For Uronen, the shift from academia to working for a corporation meant leaving the familiar world of science and starting over in an environment completely unfamiliar to her – the world of business.
“Science and its autonomy have always been sacred to me, but taking the job meant I could channel all my knowledge for the good of the company. The opportunity to put my skills to practice with Neste’s algae project motivated me from the very beginning.”
For five years, Uronen led algae research at Neste. Her mission was to determine whether it would be possible to produce fuel by extracting oil from algae on a commercial scale.
It was a period of intense knowledge gathering for Neste and for Uronen: She traveled from country to country, coordinating R&D with universities and overseeing Neste’s own algae cultivation tests. She met with over 100 startups with algae-related business and innovation. She partnered with various universities and research institutions to gather as much scientific knowledge of algae as possible.
Over time, Uronen and the Neste algae team accumulated a considerable understanding of the algae business. Writing reports, making financial calculations and strategic estimations, Uronen was the primus motor, the instigator, the force that kept the algae project’s engine running.
With her leadership, Neste ended up discovering various promising species of algae. The conclusion, which remains true today, was enticing: “It was evident that cultivating algae on a global scale would be a complete game changer in the world of renewable raw materials,” Uronen says.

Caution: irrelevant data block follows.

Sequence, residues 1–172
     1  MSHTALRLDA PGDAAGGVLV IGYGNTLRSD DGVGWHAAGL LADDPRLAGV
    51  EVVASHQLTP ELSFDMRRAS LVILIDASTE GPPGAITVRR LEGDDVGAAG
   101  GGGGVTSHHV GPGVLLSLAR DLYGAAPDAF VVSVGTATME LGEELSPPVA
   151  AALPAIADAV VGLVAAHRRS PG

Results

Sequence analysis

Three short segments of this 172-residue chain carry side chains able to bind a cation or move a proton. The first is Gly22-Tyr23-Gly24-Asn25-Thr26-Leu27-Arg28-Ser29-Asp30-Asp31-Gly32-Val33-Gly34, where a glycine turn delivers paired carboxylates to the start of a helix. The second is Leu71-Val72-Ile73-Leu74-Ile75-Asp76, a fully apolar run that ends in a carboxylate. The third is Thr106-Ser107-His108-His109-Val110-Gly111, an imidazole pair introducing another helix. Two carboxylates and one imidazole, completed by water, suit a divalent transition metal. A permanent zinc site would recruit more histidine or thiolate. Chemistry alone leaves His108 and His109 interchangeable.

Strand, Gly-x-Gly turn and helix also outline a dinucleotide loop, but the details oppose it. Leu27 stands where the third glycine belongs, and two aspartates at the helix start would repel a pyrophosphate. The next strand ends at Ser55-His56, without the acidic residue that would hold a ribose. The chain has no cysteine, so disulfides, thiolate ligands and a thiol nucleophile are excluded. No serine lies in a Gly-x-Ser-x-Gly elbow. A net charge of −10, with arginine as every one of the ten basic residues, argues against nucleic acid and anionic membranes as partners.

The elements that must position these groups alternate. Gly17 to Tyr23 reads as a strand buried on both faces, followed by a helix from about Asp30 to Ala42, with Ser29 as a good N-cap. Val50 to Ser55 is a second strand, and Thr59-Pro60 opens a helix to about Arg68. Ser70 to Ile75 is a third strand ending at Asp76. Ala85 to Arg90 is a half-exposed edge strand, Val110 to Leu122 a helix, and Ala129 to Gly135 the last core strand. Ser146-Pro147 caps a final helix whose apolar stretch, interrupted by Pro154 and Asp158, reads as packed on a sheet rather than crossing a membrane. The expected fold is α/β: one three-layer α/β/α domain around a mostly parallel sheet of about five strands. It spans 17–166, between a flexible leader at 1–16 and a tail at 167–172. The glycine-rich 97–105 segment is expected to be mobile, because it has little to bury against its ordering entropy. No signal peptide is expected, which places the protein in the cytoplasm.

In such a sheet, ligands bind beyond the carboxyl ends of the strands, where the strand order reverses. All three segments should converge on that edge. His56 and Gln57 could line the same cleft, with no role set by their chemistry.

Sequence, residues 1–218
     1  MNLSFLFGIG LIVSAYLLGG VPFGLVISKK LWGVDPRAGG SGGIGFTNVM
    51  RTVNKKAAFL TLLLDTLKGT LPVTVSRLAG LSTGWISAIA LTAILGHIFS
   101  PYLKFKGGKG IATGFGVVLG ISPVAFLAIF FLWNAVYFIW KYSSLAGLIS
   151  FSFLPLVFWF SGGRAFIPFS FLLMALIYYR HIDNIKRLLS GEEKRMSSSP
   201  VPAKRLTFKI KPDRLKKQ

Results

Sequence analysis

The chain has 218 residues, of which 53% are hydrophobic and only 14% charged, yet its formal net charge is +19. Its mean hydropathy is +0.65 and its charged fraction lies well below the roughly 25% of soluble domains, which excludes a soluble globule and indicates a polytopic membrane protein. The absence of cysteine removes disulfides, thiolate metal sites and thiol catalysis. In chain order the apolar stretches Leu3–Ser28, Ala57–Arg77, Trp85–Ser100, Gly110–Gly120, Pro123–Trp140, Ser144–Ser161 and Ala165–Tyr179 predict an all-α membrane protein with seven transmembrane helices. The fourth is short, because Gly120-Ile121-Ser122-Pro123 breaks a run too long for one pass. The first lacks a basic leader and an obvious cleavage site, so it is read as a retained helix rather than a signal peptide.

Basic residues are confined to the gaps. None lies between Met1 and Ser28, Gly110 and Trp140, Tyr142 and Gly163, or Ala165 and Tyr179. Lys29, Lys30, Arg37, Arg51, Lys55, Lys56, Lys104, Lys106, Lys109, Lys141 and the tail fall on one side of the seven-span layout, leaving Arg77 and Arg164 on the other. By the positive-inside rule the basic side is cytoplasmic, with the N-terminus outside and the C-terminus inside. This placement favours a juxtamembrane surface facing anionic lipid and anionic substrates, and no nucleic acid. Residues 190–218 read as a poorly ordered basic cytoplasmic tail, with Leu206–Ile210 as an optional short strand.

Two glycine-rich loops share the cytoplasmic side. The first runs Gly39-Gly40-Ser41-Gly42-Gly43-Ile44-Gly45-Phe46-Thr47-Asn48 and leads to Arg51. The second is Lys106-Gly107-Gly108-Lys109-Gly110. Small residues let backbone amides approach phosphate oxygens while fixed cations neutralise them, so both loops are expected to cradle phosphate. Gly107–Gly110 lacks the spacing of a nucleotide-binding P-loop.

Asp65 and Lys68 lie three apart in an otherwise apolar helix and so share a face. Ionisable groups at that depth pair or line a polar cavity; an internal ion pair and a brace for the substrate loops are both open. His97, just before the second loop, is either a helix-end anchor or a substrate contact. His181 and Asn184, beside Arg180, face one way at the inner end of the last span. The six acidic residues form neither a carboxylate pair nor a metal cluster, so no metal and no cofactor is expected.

She explains algae’s potential:
Algae are microscopic in size and only need water, sun, carbon dioxide and nutrients to grow. Furthermore, they thrive in salty waters, or even wastewater, consuming minimal freshwater and freeing valuable land to agriculture.
Algae’s ability to reproduce themselves is awe-inspiring, too, Uronen continues.
“Algae can divide and grow incredibly fast. Many of them can be harvested daily. It is also interesting how we can tweak the recipe of the growth process so the algae can produce more important substances, such as oil. Imagination is the limit.”
2015: Putting the darling on hold
Pauliina Uronen was the one who personified the algae scheme at Neste. Yet, she was happy to let it go to lower priority.
For half a decade, Uronen had devoted her time, energy and expertise for the algae project. Even though it was clear that algae could be a potential raw material for fuel, Uronen and the team recognized that producing algae products in a commercially viable way would require huge additional efforts.
In 2015, Neste decided to put the algae project on hold, in tracking and monitoring mode.
Some might have despaired over the failed venture and dwelled on possible missteps. Uronen, however, isn’t one of those people. She never considered the algae project a failure.